Dr. Dianne Gan, a second-year Graduate Prosthodontics resident at the University of Washington School of Dentistry, has been selected as the 2019-20 David H. Wands Fellow in Graduate Prosthodontics, the school has announced.
Dr. Gan becomes the 12th recipient of the fellowship at the UW. After expressing her appreciation for the award, she said: “This program has far exceeded my expectations. I love my co-residents. I feel like I have the smartest people from all over the world to learn from and learn with. The treatment planning seminars are very intense and provoke spirited discussion, which in my opinion is an awesome way to learn. I have also found the interdisciplinary coordination to be very unique to this program. It’s great that I can just walk next door into the Periodontics clinic and ask my colleagues surgical or prognostic questions. It’s very collaborative.”
Dr. Gan, who received her DMD at the University of Connecticut, earned a BS degree in biology from Rensselaer Polytechnic Institute in Troy, N.Y., where she won the Rensselaer Medal, a scholarship awarded to secondary students who have distinguished themselves in mathematics and science. She completed an externship at New York-Presbyterian/Weill Cornell Medical Center, worked as a research assistant at the Colgate-Palmolive Global Technology Center, and studied briefly at the University of New South Wales in Australia. She has also accompanied humanitarian dental missions to Honduras and the Amazon River basin.
In addition, her community work has included helping to teach health education at the American School for the Deaf in West Hartford, Conn.
“There are so many communities within our larger communities who don’t get the same opportunities for learning as the rest of us,” she said. “It makes me feel grateful, and the students we taught were amazing. They are some of the most hard-working and resilient humans I’ve ever met.”
Her interest in health care started early, with a number of physicians on both sides of her family, including both her parents. She, however, became the first in her family to pursue a dental career.
“Initially I thought I wanted to be an orthodontist,” she said. “I really appreciated how orthodontics changed my smile, and I wanted to be able to have that same impact on other people.” However, her direction changed after she entered dental school.
“I realized that I actually liked prepping teeth and making dentures,” she said. “I realized that I could have that same impact on people by changing their smiles in a different way. I was also excited about gaining more knowledge in order to treatment plan my future patients in the most optimal way. Now that I’ve started residency myself, I really love how much dentistry I’ve learned beyond my dental school training. We have so many methods of learning, including literature reviews, seminars, lab work, and clinical hours. It gets really busy, but I am having fun learning every day.”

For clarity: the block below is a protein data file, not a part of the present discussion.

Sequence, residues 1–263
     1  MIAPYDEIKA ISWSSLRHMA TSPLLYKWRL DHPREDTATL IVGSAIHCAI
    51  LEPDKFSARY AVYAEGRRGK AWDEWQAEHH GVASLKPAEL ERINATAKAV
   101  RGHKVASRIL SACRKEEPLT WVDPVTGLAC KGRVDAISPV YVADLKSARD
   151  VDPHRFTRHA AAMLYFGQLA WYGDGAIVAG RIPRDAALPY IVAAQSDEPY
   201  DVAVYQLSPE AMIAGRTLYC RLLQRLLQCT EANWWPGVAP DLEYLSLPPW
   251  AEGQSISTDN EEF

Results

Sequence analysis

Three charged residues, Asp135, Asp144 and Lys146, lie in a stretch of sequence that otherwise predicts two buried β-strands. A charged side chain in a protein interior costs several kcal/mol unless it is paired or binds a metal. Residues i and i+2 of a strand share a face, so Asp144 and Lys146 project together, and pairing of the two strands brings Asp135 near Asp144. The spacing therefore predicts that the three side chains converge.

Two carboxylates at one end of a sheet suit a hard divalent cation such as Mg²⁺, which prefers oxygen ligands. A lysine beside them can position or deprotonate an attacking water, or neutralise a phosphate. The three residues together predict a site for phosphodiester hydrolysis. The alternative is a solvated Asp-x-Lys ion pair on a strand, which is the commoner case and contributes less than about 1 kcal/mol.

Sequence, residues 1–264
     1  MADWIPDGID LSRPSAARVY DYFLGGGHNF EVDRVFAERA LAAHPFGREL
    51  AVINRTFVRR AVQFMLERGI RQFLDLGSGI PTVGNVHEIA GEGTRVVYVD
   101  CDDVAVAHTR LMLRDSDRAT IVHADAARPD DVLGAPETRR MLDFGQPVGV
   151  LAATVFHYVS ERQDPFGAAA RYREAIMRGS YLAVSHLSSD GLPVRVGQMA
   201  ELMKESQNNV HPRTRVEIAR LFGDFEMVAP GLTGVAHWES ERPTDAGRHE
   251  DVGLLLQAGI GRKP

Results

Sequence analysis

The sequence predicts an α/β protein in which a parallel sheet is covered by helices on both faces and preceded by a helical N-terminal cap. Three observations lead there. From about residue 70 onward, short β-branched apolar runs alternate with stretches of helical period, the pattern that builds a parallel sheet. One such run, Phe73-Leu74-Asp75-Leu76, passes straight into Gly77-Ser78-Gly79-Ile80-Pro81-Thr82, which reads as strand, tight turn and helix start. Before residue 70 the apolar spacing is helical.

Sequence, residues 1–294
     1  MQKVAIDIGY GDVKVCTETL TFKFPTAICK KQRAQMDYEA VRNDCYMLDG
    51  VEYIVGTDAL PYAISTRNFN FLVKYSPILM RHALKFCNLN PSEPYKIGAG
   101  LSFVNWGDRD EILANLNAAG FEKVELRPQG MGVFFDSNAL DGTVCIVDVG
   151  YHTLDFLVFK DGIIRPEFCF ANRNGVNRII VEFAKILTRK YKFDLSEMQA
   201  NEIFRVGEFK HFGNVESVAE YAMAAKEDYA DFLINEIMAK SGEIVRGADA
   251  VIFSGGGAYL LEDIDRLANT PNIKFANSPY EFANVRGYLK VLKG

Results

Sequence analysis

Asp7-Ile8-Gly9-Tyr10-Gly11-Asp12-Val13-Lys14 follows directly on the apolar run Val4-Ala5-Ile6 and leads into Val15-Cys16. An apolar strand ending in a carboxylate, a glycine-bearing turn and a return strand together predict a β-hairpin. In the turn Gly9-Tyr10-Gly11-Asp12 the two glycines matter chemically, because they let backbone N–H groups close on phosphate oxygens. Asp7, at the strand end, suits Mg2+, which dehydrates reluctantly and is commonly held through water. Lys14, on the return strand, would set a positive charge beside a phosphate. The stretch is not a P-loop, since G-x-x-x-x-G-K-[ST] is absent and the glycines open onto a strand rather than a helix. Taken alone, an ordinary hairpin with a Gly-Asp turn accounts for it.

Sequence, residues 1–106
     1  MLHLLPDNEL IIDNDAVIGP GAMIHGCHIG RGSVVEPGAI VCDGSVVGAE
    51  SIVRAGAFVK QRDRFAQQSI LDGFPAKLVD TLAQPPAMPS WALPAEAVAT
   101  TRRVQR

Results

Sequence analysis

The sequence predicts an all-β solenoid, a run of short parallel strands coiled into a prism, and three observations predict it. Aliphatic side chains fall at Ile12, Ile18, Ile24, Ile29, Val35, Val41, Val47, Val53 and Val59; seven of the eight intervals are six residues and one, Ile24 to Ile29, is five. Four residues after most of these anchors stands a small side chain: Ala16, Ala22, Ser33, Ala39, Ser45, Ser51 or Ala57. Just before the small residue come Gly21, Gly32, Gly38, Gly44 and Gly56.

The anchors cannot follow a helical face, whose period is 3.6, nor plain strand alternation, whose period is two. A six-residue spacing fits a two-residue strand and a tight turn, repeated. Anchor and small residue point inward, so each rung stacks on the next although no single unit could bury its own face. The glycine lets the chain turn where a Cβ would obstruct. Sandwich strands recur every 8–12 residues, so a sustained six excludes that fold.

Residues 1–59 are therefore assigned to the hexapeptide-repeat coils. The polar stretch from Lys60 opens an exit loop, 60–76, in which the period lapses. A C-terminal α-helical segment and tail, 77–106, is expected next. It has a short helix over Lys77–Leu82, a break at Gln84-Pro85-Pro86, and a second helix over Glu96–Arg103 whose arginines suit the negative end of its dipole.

She has not yet decided where she will practice after completing her residency, but wants to eventually own a practice. In addition, she said, “I definitely want to teach. I think this program really provides us with a skill set that is ideal for presenting to large audiences.”
That aspiration meshes well with one of the goals Dr. Wands set for the fellowship, which was to encourage recipients to enter academic dentistry and teach prosthodontics. “If we don’t have teachers in the dental school, then we don’t have graduates. It’s that simple,” he has said.
Dr. Wands, who was a UW School of Dentistry faculty member in the Department of Prosthodontics for 22 years, originally established the fellowship at the University of Maryland, where he received his DDS with honors in 1967 from the Baltimore College of Dental Surgery. He practiced for seven years with the U.S., Public Health Service and later completed a graduate prosthodontics residency at the UW before joining the dental faculty. He taught both undergraduate and graduate prosthodontics, achieving the rank of Clinical Professor.
Dr. Wands initiated the fellowship at the UW in 1998 with a new $500,000 commitment, partly in appreciation for the quality of his training but also to get residents to consider pursuing academic dentistry.
He is a member of the UW School of Dentistry Dean’s Club and helped found the UW Graduate Prosthodontic Alumni Association. In 1999, he was honored by the Dean’s Club with its highest award, Honorary Lifetime Member. He is a Life Member of the Academy of Prosthodontics and Pacific Coast Society for Prosthodontics. Now retired from private practice in Olympia, Wash., he is an avid saltwater and freshwater fly fisherman, as well as, a master gardener.